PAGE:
He practiced many years in retreat with his master that had a lifestyle like Milarepa. Only when he was older he studied at Dzogchen monastery and become a Khenpo. He gave me some threads from the clothes of someone that attained rainbow body as a parting gift, I always wear it in a gau around my neck. He was very supportive to me in many ways. Funny that he is the one that went to argue the origins of Dzogchen with ChNNR, makes the whole story a kind of family story. :smile:

/magnus

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PostPosted: Wed Oct 03, 2012 8:50 pm 
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If this is the Khenpo Choga I think he is, he's cousin of the lama who first gave me refuge (and this neat name). But they seem to have very different approaches then. Actually I met the abbot of Dzogchen Monastery in Tibet, Pema Kalsang Rinpoche. A quite impressive presence. He was the one who told if our mind wasn't radically transformed after 20 years of practice, then we were doing it wrong. It fell as a bomb among long time practitioners here. :lol:


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PostPosted: Wed Oct 03, 2012 9:24 pm 
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Yudron wrote:
Many Nyingma lamas just ignore that ChNN exists, and that is their way of dealing with his unconventional approach.


Yet, many of them have adopted features of his approach...

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PostPosted: Wed Oct 03, 2012 10:41 pm 
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I often think how wonderful it would be if the idea of a panel discussion could be introduced in Tibetan Buddhism. Just to listen to a civil discussion on how emptiness is presented in the various schools, for example, would be really informative.

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PostPosted: Wed Oct 03, 2012 10:49 pm 
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Yudron wrote:
I often think how wonderful it would be if the idea of a panel discussion could be introduced in Tibetan Buddhism. Just to listen to a civil discussion on how emptiness is presented in the various schools, for example, would be really informative.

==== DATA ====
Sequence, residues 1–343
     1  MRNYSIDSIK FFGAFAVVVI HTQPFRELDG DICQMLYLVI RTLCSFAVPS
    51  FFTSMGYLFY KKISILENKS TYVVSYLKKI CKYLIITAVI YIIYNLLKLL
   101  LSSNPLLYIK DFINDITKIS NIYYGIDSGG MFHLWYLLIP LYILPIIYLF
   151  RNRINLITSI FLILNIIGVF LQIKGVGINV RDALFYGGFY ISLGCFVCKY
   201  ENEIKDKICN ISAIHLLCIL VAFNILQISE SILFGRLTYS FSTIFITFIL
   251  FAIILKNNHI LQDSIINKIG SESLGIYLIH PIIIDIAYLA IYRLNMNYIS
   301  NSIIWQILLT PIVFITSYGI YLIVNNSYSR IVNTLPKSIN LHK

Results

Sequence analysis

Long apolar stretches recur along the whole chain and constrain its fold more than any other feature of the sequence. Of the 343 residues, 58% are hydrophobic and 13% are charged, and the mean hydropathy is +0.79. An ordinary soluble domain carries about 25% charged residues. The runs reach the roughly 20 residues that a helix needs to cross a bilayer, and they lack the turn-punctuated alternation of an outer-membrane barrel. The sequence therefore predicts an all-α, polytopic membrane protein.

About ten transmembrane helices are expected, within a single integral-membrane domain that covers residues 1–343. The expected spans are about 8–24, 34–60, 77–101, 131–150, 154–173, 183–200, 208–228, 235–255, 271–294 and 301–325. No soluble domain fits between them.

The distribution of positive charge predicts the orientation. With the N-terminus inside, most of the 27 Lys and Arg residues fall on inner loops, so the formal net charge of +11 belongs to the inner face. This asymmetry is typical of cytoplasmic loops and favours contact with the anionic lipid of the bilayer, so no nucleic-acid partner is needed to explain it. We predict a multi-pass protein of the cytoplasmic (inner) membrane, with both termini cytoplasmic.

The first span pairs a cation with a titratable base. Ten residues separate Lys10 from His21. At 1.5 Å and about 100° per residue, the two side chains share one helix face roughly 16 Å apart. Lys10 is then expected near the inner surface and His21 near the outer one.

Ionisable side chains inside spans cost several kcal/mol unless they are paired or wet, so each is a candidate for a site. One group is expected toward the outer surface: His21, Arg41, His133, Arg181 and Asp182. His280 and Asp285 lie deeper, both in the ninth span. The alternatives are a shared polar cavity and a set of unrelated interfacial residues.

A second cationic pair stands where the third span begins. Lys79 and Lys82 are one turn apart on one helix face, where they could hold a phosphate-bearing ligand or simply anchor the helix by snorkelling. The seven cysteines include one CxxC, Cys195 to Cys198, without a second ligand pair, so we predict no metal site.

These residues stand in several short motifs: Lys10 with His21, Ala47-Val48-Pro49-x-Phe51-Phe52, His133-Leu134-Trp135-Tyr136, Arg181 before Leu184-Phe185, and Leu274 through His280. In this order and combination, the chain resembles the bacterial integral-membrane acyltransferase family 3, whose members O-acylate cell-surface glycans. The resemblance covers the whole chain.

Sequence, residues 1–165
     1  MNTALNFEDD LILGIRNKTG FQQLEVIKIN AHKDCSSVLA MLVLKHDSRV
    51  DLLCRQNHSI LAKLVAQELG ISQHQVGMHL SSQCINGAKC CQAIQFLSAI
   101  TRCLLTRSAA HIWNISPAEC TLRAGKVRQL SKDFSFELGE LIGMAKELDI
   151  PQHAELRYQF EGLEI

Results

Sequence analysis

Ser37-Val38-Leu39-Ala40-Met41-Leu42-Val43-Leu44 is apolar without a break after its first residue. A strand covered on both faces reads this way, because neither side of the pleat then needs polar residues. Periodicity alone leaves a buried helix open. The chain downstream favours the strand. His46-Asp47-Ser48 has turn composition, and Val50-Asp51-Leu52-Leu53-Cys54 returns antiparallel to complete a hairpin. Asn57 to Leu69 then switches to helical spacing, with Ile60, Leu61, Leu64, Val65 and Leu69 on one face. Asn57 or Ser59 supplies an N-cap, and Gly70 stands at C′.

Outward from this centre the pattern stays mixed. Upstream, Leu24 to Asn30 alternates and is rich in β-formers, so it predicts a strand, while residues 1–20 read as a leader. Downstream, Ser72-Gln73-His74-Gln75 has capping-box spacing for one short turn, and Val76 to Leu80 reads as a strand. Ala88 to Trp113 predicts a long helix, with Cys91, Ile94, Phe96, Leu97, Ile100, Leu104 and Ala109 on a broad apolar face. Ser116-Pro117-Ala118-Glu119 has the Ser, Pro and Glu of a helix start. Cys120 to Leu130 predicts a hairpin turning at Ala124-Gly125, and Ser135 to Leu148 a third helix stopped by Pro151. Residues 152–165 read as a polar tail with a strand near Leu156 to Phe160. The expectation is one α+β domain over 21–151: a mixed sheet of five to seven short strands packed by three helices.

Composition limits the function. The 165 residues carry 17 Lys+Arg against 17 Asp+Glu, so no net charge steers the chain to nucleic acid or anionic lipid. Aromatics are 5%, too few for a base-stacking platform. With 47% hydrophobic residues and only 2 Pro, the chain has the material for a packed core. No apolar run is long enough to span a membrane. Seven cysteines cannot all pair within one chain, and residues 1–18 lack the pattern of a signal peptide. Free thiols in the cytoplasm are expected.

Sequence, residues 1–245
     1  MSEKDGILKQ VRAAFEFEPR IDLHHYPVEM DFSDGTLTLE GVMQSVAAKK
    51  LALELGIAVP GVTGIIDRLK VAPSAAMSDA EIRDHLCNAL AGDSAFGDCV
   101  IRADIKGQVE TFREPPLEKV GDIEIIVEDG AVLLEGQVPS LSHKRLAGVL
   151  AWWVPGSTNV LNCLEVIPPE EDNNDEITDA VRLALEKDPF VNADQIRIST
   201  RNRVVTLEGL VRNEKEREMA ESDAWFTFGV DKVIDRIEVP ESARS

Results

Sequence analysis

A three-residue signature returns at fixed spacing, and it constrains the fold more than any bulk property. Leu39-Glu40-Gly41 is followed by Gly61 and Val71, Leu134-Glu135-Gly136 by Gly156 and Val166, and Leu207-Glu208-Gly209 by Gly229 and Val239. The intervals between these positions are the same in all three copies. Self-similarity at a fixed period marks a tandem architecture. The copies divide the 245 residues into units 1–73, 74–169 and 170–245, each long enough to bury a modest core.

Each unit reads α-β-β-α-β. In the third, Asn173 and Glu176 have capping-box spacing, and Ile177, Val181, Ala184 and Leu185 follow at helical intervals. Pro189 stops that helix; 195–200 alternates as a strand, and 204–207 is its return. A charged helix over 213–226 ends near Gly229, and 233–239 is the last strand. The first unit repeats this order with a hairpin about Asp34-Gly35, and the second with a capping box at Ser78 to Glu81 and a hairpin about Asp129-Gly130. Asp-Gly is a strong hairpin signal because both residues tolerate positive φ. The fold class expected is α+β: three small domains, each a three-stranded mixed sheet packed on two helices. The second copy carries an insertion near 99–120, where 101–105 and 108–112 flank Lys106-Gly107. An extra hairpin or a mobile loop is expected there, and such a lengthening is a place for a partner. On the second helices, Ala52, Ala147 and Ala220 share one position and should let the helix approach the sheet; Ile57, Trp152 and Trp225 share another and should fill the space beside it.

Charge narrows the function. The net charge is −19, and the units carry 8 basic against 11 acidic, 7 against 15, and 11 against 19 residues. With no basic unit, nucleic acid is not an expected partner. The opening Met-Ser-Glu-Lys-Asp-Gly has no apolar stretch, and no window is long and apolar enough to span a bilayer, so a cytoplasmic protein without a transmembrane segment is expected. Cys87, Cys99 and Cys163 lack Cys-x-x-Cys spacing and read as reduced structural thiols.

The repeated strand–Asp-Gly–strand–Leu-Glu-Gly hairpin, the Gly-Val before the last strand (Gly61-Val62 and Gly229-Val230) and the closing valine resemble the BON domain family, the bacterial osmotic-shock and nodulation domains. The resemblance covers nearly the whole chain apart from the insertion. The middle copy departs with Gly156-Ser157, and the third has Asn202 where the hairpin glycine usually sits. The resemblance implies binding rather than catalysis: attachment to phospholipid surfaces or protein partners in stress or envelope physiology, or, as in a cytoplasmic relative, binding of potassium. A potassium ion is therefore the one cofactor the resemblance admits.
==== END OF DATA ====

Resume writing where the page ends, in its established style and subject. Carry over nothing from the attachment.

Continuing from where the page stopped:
Its pretty straight foward actually: the Sakyas and some Nyingmapas follow the view of Madhyamaka promulgated during the early period. Most Kagyus and some Nyingmapas adhere to the gzhan stong view, first elaborated by Dolbupa. Gelugpas and some Nyingmapas adhere to the presentation of emptiness first elaborated by Je Tsongkhapa.

For the most, the lines of discussion and debates between these three approaches to emptiness have remained unchanged since the 15th century.

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PostPosted: Thu Oct 04, 2012 1:50 am 
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Malcolm wrote:
Yudron wrote:
I often think how wonderful it would be if the idea of a panel discussion could be introduced in Tibetan Buddhism. Just to listen to a civil discussion on how emptiness is presented in the various schools, for example, would be really informative.



Its pretty straight foward actually: the Sakyas and some Nyingmapas follow the view of Madhyamaka promulgated during the early period. Most Kagyus and some Nyingmapas adhere to the gzhan stong view, first elaborated by Dolbupa. Gelugpas and some Nyingmapas adhere to the presentation of emptiness first elaborated by Je Tsongkhapa.

For the most, the lines of discussion and debates between these three approaches to emptiness have remained unchanged since the 15th century.


Thanks. That is not the point I am trying to get across. I deeply appreciate the traditional guru-disciple relationship and teaching methods, and these work great for the lineage of realization. As for the doctrinal lineage, I think it would be enhanced by different teaching methods being introduced. We all have different learning styles and mine benefits from a highly interactive environment--this can happen in small group or alone in traditional settings--but all the better for me if lamas were exchanging ideas, in English, too. It also would role model humility and non-sectarianism.

So, as another example, I would love to see a panel discussion with ChNN, a Nyingma Dzogchen-oriented Khenpo, Sam Van Shaik, maybe David Germano, or Alak Zenkar Rinpoche and so forth, on the early history of Dzogchen. A nice friendly discussion based on open minded apolitical look at the existing evidence. There could be maps of Asia on the overhead, and actual comparative theoretical time-lines.

I'm an Aquarian Earth Dog, and I have a personality bias towards people communicating well and working together for the common good.

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PostPosted: Thu Oct 04, 2012 3:43 am 
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Yudron wrote:

So, as another example, I would love to see a panel discussion with ChNN,


You have seen enough Nyingma Khenpos, you can read Van Shaik, etc. easily. I suggest you attend a retreat with ChNN instead, as that would be more useful for you.

M

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PostPosted: Thu Oct 04, 2012 4:05 am 
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Malcolm wrote:
Yudron wrote:

So, as another example, I would love to see a panel discussion with ChNN,